Bookcase

1806 (made)
Bookcase thumbnail 1
Bookcase thumbnail 2
Image of Gallery in South Kensington
On display at V&A South Kensington
British Galleries, Room 120, The Wolfson Galleries
Artist/Maker
Place Of Origin

Object Type
Tall bookcases with solid doors in the bottom half and glazed doors in the upper section were quite common in British furniture of around 1800. This example is unusual in that it is low, decorated with Classical busts and inlaid with ebony.

Places
The Prince of Wales (later King George IV) was given Carlton House as his official London residence in 1783. He began a programme of building and decoration which continued until the demolition of the house in 1826. As the site sloped, the building contained rooms with low ceilings, including the library, below the principal floor on the garden front. In 1806 the library was provided with new furniture at a cost of £820 3s, which included a set of ebony and ivory bookcases with matching tables, and four of these bookcases.

People
William Marsh (active 1775-1810) and Thomas Tatham (1763-1818) were partners in a very successful firm of cabinetmakers and upholsterers. They carried out major commissions for the Prince of Wales at Brighton Pavilion and at Carlton House. C. H. Tatham (1772-1842), brother of Thomas, was sent to Rome by the architect Henry Holland (1745-1806) in 1794 to collect Classical fragments. Tatham's drawings of these, published as Etchings of Ancient Ornamental Architecture in 1799-1800, provided designers and craftsmen with ideas for furniture and other pieces in the Neo-classical style.


object details
Categories
Object Type
Parts
This object consists of 7 parts.

  • Bookcase, Lower Section
  • Bookcase, Upper Section
  • Marble Slab, Part
  • Marble Slab, Part
  • Shelf
  • Lower Shelf
  • Keys
Materials and Techniques
Burr yew veneer, mahogany and pine, inlaid with ebony, with marble top, bronze busts and ormolu (gilt-bronze) mounts; replacement silk panels to doors
Brief Description
Bookcase, Marsh & Tatham for Carlton House, English; 1806
Physical Description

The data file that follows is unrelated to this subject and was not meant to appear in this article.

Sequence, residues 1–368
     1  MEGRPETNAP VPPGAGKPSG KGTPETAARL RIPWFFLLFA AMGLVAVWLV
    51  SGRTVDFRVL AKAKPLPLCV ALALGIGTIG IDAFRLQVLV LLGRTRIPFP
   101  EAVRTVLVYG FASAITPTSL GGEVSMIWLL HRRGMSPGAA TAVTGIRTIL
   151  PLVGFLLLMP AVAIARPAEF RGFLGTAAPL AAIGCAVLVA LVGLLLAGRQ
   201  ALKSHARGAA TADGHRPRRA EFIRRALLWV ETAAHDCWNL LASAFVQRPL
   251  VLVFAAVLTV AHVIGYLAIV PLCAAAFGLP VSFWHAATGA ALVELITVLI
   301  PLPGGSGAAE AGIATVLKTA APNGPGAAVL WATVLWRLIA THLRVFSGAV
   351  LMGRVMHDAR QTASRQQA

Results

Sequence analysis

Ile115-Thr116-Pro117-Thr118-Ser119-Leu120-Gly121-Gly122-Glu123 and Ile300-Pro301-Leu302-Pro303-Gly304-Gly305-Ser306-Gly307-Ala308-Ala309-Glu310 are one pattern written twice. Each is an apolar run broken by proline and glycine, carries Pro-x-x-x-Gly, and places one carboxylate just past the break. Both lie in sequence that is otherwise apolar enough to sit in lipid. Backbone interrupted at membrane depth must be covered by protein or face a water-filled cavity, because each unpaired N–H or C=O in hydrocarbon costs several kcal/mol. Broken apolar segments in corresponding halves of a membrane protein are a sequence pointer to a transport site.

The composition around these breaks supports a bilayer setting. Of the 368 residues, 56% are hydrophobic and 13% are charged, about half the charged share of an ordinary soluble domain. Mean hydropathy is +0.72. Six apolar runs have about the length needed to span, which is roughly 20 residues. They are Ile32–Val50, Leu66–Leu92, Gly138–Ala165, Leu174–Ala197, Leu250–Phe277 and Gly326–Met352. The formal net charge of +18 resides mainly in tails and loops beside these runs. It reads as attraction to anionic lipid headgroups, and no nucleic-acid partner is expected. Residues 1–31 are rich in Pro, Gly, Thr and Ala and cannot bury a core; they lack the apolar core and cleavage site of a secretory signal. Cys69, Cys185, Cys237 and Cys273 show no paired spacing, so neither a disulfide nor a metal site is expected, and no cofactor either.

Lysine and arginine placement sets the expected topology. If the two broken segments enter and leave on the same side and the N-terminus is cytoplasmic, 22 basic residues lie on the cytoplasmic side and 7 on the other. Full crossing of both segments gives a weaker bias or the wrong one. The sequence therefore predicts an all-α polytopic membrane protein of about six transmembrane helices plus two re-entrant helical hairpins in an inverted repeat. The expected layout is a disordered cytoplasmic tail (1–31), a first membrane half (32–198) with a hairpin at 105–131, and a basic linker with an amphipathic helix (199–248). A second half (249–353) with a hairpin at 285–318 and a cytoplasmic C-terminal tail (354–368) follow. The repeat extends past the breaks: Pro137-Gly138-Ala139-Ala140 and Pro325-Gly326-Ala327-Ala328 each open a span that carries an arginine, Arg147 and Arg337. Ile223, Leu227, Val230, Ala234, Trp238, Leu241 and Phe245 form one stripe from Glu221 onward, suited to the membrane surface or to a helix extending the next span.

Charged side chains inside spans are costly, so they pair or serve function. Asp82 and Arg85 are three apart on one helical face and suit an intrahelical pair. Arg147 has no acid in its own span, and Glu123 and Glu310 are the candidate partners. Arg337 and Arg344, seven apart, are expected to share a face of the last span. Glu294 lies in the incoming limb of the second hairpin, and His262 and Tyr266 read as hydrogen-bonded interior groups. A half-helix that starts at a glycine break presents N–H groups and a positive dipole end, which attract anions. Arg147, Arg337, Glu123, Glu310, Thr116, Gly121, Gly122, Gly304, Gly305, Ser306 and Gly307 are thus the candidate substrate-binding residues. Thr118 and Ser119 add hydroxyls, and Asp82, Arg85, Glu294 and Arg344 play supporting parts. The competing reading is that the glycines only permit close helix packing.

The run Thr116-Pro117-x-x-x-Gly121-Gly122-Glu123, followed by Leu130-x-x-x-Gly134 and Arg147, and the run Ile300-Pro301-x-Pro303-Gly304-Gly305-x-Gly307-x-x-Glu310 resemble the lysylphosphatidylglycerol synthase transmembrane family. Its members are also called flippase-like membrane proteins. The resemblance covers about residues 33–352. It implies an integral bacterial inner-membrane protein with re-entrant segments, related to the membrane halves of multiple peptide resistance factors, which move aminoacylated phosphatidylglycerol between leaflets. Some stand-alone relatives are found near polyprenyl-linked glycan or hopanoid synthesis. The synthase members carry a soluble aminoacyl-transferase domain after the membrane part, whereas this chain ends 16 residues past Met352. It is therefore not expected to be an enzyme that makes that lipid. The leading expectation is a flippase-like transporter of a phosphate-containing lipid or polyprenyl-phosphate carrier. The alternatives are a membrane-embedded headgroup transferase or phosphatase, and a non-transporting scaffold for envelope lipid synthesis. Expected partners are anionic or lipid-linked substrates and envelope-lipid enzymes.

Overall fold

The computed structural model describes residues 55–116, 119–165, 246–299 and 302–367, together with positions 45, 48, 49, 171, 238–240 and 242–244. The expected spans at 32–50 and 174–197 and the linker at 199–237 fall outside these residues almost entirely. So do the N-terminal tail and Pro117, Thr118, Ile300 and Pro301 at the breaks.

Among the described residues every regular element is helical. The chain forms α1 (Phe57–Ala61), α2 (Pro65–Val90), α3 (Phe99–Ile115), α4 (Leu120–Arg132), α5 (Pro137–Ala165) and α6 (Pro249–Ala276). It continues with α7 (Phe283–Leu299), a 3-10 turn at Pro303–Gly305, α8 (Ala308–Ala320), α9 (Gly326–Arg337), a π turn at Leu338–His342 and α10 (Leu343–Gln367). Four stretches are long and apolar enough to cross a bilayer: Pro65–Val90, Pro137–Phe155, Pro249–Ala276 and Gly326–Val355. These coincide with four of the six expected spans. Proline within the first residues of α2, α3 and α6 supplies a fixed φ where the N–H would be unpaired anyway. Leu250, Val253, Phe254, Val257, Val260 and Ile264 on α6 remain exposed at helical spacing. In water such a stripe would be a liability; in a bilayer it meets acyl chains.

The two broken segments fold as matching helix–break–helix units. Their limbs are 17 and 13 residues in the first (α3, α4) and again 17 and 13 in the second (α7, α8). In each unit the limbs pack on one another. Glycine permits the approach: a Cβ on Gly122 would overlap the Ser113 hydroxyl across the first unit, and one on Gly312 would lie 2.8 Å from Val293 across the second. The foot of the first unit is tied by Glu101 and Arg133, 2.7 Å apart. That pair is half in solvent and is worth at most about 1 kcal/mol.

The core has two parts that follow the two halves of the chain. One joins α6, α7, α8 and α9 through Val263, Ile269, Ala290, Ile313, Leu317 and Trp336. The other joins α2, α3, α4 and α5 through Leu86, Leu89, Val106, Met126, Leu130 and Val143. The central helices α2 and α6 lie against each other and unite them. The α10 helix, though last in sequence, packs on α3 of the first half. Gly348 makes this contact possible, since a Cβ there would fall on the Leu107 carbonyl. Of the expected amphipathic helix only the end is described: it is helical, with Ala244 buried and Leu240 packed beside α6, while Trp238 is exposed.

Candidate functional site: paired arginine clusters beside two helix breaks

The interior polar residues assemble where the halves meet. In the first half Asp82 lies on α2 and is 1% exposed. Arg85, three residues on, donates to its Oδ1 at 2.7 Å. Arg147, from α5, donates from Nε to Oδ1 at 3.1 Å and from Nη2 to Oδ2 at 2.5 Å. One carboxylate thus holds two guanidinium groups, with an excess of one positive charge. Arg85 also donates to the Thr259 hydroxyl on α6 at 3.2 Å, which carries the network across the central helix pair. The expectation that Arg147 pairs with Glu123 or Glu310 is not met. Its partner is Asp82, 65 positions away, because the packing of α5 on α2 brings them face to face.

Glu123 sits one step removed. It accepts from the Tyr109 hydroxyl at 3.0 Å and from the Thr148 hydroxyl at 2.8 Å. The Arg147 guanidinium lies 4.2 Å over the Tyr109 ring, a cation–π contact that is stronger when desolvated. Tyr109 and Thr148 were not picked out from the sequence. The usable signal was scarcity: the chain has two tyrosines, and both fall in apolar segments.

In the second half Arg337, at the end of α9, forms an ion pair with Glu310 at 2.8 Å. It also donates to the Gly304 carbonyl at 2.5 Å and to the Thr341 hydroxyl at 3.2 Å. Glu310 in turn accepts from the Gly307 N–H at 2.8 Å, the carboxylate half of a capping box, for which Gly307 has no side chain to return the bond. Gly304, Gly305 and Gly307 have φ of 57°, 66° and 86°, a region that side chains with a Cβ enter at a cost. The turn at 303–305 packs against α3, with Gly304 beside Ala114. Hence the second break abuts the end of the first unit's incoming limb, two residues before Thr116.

Bookcase; pollard yew inlaid with ebony, bronze, and ormolu mounts; statuary marble slab.
Dimensions
  • Height: 176.5cm
  • Width: 111cm
  • Depth: 54.5cm
Marks and Inscriptions
Inventory mark of George IV; inscribed 'No. 1'
Gallery Label
BOOKCASE ENGLISH; 1806 Pollard yew inlaid with ebony, bronze, and ormolu mounts; statuary marble slab. Supplied in 1806 by Marsh and Tatham of Mount Street for the Prince of Wales at Carlton House, and bearing the inventory mark of George IV.(pre October 2000)
Object history
This bookcase, in the Greek style, was made for the library of Carlton House, London, the home of the Prince of Wales, later the Prince Regent. The furniture was supplied by the firm of William Marsh and Thomas Tatham, possibly to designs by Charles HeathcoteTatham, William's brother, who published an influential book of Classical designs in 1799.
Summary
Object Type
Tall bookcases with solid doors in the bottom half and glazed doors in the upper section were quite common in British furniture of around 1800. This example is unusual in that it is low, decorated with Classical busts and inlaid with ebony.

Places
The Prince of Wales (later King George IV) was given Carlton House as his official London residence in 1783. He began a programme of building and decoration which continued until the demolition of the house in 1826. As the site sloped, the building contained rooms with low ceilings, including the library, below the principal floor on the garden front. In 1806 the library was provided with new furniture at a cost of £820 3s, which included a set of ebony and ivory bookcases with matching tables, and four of these bookcases.

People
William Marsh (active 1775-1810) and Thomas Tatham (1763-1818) were partners in a very successful firm of cabinetmakers and upholsterers. They carried out major commissions for the Prince of Wales at Brighton Pavilion and at Carlton House. C. H. Tatham (1772-1842), brother of Thomas, was sent to Rome by the architect Henry Holland (1745-1806) in 1794 to collect Classical fragments. Tatham's drawings of these, published as Etchings of Ancient Ornamental Architecture in 1799-1800, provided designers and craftsmen with ideas for furniture and other pieces in the Neo-classical style.
Collection
Accession Number
W.102:1 to 7-1978

About this object record

Explore the Collections contains over a million catalogue records, and over half a million images. It is a working database that includes information compiled over the life of the museum. Some of our records may contain offensive and discriminatory language, or reflect outdated ideas, practice and analysis. We are committed to addressing these issues, and to review and update our records accordingly.

You can write to us to suggest improvements to the record.

Suggest Feedback

record createdApril 2, 2001
Record URL